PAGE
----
The Future is Wearable Tech

We are at the beginning of the wearable technology era, which makes it an exciting time to be working in the medical science and technology space. Wearable devices are just that—wearable. Soon enough, people living with illness will be able to monitor their vital signs, detect problems before they happen, and manage their health conditions using nothing but small devices and smartphones.

Most of the core technology that will make wearables a reality is still under development, but we don’t have to look too far to see how quickly technology advances. Take the computer. The initial few years of home computing—clunky monitors, modems, and mini memories—ushered in a tech revolution. Yet in just two decades, we now have computers 100 times as powerful as the original home computers that can sit comfortably within the confines of a pocket. We can expect the same speedy development in wearable technology over the next five to ten years.

Why wearables? According to a PwC report published in December 2018, it’s pretty simple: people want to live longer and maintain healthier lifestyle habits in a way that won’t hold them down. Patient-generated data, whether it be from a glucose monitoring watch, a bracelet that can detect food allergens, or smart footwear technology to collect gait and balance data, can be used to supplement clinical data where there can be missing gaps.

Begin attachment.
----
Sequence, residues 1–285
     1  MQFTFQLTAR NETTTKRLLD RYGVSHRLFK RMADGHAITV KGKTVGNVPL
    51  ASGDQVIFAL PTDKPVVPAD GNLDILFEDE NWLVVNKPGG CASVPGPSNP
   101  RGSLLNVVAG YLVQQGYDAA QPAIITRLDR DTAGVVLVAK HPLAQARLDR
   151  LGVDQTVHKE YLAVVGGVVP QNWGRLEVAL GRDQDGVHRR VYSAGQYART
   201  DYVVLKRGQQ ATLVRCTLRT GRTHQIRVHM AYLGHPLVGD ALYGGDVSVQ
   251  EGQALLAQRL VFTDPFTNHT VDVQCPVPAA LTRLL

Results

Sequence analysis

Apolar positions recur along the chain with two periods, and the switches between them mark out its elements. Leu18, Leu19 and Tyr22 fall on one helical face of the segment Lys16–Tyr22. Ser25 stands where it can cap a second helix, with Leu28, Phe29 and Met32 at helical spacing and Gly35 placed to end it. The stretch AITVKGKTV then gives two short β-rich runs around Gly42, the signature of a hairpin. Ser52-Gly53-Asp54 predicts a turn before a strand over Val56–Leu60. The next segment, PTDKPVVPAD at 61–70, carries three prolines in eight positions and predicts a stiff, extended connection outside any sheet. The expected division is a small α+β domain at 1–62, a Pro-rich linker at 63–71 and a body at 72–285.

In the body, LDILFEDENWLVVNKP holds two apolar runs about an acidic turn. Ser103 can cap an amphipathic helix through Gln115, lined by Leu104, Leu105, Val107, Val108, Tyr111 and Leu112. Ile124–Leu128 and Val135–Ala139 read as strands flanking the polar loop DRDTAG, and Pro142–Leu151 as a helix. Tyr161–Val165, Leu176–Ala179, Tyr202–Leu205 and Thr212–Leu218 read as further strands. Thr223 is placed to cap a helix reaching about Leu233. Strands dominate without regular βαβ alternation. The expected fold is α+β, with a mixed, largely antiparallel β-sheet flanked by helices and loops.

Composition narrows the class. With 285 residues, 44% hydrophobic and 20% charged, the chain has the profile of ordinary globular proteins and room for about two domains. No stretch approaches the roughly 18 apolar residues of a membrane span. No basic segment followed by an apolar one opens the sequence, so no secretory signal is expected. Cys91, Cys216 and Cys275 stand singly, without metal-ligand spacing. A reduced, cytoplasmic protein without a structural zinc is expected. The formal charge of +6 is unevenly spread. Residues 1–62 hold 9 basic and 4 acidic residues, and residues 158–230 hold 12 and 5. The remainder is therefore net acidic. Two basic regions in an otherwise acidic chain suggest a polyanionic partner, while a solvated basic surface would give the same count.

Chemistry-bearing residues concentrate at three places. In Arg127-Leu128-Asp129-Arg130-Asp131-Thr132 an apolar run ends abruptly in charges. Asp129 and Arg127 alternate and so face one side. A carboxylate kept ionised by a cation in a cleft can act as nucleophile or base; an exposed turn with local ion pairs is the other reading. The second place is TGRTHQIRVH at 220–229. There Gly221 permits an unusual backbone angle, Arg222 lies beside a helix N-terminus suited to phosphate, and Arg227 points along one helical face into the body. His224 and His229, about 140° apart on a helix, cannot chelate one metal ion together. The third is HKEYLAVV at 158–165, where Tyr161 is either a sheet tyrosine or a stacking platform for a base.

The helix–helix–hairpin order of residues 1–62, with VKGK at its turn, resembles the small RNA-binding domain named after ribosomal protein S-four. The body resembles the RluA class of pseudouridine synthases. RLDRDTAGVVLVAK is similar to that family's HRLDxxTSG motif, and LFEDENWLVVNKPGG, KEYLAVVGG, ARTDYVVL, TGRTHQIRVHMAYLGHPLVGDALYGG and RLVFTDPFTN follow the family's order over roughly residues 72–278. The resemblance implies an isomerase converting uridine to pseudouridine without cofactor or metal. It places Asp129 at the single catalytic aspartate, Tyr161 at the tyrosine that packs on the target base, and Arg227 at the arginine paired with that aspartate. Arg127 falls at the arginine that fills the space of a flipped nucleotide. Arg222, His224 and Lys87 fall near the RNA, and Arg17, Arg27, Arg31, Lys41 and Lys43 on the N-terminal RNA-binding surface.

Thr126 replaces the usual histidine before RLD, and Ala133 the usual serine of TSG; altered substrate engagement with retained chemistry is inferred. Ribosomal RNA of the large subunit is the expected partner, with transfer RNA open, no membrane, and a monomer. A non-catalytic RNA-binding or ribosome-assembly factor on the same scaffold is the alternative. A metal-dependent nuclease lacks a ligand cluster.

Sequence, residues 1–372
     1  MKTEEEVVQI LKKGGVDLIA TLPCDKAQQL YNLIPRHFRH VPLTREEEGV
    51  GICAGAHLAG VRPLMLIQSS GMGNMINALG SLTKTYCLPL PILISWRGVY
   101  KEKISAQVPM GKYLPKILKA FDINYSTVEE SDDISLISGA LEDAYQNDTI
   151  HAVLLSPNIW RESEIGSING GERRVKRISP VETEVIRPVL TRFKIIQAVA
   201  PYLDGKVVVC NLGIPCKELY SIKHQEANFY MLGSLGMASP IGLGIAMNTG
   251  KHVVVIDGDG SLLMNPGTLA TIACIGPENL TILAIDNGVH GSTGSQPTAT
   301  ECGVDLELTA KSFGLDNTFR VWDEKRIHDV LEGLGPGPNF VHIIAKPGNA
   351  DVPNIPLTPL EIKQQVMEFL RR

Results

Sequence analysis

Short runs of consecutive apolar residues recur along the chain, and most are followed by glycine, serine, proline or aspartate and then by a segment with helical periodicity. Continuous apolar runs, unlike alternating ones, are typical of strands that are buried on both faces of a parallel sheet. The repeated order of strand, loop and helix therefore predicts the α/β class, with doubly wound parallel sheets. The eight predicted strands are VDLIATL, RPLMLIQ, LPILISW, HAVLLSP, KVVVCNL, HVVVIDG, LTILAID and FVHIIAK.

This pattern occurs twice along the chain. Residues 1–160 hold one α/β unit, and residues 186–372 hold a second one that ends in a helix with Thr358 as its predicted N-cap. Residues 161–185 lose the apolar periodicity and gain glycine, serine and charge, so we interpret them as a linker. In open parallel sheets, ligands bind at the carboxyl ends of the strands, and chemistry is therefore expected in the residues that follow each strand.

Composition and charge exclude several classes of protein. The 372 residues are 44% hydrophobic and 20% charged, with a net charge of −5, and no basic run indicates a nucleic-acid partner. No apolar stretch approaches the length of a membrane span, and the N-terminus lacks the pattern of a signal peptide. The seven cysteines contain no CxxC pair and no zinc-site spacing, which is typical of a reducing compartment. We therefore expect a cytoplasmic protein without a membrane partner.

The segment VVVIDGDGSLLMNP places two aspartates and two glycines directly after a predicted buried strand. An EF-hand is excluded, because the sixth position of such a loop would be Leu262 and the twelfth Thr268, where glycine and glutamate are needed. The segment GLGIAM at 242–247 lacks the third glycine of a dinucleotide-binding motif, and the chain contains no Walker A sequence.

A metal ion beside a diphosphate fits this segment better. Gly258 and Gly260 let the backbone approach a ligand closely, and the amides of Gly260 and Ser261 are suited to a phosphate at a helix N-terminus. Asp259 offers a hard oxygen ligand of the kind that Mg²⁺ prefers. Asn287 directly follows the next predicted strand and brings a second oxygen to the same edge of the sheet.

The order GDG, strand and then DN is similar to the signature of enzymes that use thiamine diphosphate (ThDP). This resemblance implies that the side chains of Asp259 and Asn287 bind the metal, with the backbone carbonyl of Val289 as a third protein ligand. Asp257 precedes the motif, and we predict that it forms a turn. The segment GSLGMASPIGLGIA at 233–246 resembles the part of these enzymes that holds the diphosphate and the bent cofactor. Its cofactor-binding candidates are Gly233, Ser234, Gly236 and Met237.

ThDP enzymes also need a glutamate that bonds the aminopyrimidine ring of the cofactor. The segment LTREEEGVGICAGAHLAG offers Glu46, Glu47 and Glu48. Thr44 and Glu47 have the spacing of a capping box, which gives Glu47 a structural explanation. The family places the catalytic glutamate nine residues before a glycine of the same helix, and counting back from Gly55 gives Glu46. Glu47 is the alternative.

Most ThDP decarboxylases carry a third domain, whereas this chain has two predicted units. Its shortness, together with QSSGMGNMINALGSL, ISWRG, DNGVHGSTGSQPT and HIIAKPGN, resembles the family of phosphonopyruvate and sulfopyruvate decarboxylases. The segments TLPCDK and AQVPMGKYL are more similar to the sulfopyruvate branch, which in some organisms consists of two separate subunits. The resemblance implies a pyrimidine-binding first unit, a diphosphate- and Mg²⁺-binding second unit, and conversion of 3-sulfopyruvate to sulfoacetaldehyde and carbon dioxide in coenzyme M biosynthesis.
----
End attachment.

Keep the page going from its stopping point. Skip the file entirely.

Rather than hope for the best in between physician visits, the data collected from these devices provide real-time health information. For example, a person living with diabetes who wears a wearable device, whether it be for blood glucose or foot temperature monitoring (that’s what Bonbouton does!) can see how their blood glucose levels or foot health status over several weeks, which can contribute to a more productive conversation with a physician in the office.

It is already apparent that medical monitoring will be an important part of wearable tech. People are busy, and symptoms that serve as harbingers of bad times ahead often go unnoticed and unreported. Wearables can be there when our own safeguards fail us. Armed with accurate and informative real-time data, people wearing wearables can seek medical attention when needed, avoid expensive medical costs, and liver happier, freer lives.

This is a guest post by Olivia Schreiber, VP of Communications at Bonbouton.

Bonbouton is a cutting-edge health and technology company that ensures people stay healthy and puts the power back into their hands (and feet). Its first product, a smart insole system, detects early signs of foot ulcers before they form so people living with diabetes can access preventative healthcare and confidently manage their health. The Bonbouton team is made up of scientists, strategists, and designers, who are all dedicated to harnessing science to create important tools that advance people’s wellbeing.